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CCRE Legal Seminar Featured High-Profile Attorneys

Legal eagles discussed cases on tortious interference, diminished value and other issues collision repair facilities are commonly confronted with.

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Writer Charlie Barone has been working in and around the body shop business for the last 35 years, having owned and managed several collision repair shops. He's an ASE Master Certified technician, a licensed damage appraiser and has been writing technical, management and opinion pieces since 1993.

attorney erica eversman has accumulated an enormous wealth of knowledge about insurers and their claims practices. “insurers call me the devil,” she said.a major force behind ccre is tony lombardozzi of new hampshire, an ex-marine and shop owner. at the march 30-31 seminar, lombardozzi summarized the history and decline of the auto body business over the last 25 years: “we gave it away,” he said, referring to the loss of control over the repairs, methodology, costs and business choices. “now, it’s time to take it back.”jack aigner (left), a former philadelphia area shop owner and activist, talks with bill byrne. byrne brought a suit against state farm and won a settlement (the figure was sealed) in the 1990s, but remains involved in industry issues today.vermont attorney bob mcclallen credited his client, mike parker, with having excellent documentation, which was a key to winning his case against nationwide. he remarked that the body shop-consumer-insurance company triad constituted the “weirdest area of law [with which] i’ve ever been involved.”greg coccaro, owner of north state custom in bedford hills, new york, is no stranger to fending off legal attacks by insurers. his shop successfully beat progressive last year after they charged him with repair fraud, among other things, in a civil suit. now coccaro is building his case against them.Attorney A. Brent Geohagan of Lakeland, Fla.: “We’ve got every insurance company in line – if you don’t pay, we’re going after you.”The Coalition for Collision Repair Excellence (CCRE) held a legal seminar March 30-31 for body shop owners and operators featuring several attorneys who shared the knowledge they’ve accumulated through years of bringing cases for body shop owners and defending them as well. The cases they went over involved tortious interference,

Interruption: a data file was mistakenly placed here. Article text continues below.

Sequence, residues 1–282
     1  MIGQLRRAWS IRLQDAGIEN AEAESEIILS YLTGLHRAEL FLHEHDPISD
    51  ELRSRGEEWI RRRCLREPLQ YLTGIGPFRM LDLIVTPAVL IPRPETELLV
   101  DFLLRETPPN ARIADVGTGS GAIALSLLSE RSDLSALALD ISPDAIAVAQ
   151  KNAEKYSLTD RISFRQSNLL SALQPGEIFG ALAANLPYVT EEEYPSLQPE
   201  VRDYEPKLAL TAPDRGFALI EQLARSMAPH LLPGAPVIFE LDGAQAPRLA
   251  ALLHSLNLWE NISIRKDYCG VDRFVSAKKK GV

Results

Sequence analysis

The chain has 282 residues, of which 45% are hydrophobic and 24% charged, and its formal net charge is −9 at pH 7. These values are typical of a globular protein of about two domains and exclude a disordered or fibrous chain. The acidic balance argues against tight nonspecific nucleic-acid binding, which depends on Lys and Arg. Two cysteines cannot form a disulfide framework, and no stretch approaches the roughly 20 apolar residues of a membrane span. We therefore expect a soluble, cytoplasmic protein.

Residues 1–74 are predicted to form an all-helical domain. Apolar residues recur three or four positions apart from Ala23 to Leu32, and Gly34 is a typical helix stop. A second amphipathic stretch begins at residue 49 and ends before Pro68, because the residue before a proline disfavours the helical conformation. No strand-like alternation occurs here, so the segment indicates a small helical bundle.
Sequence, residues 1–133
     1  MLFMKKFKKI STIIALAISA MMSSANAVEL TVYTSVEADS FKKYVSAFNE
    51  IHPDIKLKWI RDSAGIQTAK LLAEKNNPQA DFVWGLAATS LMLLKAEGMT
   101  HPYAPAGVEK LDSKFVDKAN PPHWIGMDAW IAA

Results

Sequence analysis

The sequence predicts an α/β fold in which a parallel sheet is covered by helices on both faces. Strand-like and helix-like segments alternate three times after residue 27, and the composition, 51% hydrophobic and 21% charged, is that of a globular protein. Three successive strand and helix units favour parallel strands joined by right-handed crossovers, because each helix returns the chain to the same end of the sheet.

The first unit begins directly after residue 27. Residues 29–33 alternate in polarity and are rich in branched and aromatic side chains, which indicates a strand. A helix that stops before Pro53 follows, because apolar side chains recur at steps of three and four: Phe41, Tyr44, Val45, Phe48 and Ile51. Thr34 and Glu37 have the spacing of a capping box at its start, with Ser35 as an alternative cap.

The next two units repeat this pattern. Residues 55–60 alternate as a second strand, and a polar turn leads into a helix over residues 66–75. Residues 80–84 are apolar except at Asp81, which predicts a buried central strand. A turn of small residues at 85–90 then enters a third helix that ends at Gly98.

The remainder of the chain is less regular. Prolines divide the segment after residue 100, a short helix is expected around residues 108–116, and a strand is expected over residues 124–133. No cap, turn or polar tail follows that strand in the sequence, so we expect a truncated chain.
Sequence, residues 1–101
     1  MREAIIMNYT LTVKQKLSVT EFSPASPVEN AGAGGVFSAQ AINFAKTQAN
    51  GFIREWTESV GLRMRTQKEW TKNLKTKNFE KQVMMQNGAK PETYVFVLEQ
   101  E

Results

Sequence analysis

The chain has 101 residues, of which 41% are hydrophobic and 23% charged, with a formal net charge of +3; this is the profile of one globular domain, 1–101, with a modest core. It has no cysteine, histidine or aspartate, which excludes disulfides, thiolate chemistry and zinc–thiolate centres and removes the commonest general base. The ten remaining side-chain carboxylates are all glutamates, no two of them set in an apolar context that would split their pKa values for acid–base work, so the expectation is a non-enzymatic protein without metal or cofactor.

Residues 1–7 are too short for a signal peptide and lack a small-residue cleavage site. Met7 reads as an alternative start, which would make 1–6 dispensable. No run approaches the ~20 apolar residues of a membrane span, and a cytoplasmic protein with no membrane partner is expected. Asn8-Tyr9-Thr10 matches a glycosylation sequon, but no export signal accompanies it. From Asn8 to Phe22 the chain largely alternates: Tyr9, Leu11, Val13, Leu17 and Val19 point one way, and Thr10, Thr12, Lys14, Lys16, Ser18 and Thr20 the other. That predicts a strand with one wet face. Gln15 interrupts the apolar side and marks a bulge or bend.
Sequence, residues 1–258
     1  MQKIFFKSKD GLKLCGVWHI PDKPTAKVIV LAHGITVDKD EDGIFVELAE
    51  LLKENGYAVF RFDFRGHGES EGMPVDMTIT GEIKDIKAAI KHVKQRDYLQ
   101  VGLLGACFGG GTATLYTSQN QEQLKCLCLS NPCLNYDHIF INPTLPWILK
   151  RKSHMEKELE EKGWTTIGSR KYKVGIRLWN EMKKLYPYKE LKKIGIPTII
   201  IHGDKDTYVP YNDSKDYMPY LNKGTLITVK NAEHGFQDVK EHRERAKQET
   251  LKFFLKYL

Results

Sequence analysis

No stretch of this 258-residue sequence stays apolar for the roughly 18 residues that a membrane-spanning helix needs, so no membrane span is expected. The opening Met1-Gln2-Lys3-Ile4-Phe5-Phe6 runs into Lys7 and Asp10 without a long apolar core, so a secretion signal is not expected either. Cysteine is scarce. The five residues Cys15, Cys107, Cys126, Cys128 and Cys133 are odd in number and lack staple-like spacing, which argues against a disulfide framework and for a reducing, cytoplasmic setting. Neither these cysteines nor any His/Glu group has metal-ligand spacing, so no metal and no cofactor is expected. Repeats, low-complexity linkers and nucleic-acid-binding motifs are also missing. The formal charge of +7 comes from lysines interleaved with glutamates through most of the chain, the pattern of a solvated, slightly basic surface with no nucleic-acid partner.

diminished value and other issues collision repair facilities are often
confronted with.

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Panel members included Erica Eversman, general counsel for Vehicle Information Services of Bath, Ohio, and Robert McClallen of Vermont, who represented Mike Parker in his successful suit against Nationwide over short pays on collision claims. Also on hand were John Parese of Connecticut, Bill Bensley of Bensley Law Offices in Philadelphia, A. Brent Geohagan of Florida and Ashley Van Earl of Louisiana.

CCRE, an organization that was established in the mid-1990s, is on the leading edge of disseminating legal information to body shops. It held two legal seminars prior to this event, so this one served as a secondary level of training for its members.

CCRE has traditionally shunned insurance companies and has barred DRP shops from their membership, a long-standing policy which has marginalized the association. Yet it has endured as a trade association and weathered major shifts in the body shop business and its relations with insurance companies. CCRE regards insurers as an adversary, which is in contrast to the view of the mainstream industry groups.


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